“Defining Prosperity Down” by Paul Krugman (TIMES, 8/2/10)


          That a “governing elite just doesn’t care” that unemployment is likely to rise “in the months ahead” seems beyond doubt. It is the result of the slow but steady disfranchisement of working people that has been taking place for decades. The beginning point was the passage of the Taft-Hartley Act in 1946, a major setback for the union movement.

          Today, the USA has two major parties who continually speak to the American middleclass, an amorphous mass of people that includes very rich folks at the high end and the destitute at the low end. This ludicrous depiction of U.S. society does acknowledge a small class of the super rich who are above the middleclass but often there does not seem to be anyone below it. 

          Imagine, the wealthiest country in the world does not have a workingclass! Those sort of people can be found throughout the world but not here in the good old USA. Having made the workingclass disappear, there is no strong obligation to administer to its needs. This is part of the strategy of the wealthy elite in the class war it has been waging since Taft-Hartley.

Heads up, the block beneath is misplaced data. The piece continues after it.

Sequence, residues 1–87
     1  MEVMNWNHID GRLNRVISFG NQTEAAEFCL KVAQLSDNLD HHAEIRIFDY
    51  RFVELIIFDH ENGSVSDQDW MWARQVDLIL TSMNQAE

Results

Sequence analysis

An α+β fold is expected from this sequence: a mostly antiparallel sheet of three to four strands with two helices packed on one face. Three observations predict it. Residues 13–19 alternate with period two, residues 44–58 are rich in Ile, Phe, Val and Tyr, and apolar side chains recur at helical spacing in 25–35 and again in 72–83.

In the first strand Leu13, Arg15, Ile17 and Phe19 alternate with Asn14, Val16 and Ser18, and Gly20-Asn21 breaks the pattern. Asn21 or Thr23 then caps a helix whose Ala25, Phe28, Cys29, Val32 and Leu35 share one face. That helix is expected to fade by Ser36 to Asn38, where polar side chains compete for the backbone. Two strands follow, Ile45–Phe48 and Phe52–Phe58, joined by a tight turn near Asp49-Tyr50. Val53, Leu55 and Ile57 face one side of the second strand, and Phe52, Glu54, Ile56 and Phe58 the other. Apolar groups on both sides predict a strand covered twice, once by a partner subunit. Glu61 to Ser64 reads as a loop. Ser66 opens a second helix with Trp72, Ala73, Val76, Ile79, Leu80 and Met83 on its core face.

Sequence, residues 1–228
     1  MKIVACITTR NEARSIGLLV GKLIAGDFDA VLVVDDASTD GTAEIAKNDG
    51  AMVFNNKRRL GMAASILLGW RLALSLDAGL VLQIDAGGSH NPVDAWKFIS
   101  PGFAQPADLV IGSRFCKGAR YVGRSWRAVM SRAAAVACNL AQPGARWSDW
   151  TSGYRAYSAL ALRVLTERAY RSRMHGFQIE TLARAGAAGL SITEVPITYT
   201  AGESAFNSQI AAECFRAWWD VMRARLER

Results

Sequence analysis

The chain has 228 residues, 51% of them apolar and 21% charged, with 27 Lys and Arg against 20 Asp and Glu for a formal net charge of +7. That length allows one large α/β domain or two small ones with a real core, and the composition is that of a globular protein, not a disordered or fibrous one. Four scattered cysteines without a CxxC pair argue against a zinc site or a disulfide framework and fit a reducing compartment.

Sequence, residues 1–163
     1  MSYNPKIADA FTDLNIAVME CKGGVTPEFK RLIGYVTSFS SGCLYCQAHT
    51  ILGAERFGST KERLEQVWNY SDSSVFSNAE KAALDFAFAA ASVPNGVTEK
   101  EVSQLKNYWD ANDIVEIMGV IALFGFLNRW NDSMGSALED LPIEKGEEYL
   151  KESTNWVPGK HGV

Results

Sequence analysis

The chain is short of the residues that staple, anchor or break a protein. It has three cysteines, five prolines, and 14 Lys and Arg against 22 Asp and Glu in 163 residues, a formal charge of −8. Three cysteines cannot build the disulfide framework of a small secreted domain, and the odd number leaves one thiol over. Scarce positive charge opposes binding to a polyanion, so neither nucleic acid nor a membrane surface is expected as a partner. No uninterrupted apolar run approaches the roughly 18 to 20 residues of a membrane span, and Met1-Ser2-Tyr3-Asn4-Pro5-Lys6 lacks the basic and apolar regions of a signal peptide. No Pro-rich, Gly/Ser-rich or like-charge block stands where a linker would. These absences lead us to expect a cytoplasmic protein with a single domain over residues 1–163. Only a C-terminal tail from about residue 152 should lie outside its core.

Sadly, this insidious ability to make workers disappear (especially when they are unemployed) has been helped along by those pathetic workers who deny their class identity even when they are on the brink of destitution. Never mind that the rent can’t be paid or a decent meal put on the table, if they bathe everyday , speak moderately and are courteous at all times, they are middleclass.

          Once upon a time, the Democratic Party had room for workers who had the temerity to raise their voices against the travails they suffered. Not anymore. Now the best of the Democrats can only shed copious tears for the “oppressed” middleclass. You know, the ones who can’t afford a new yacht or a Mediterranean villa.

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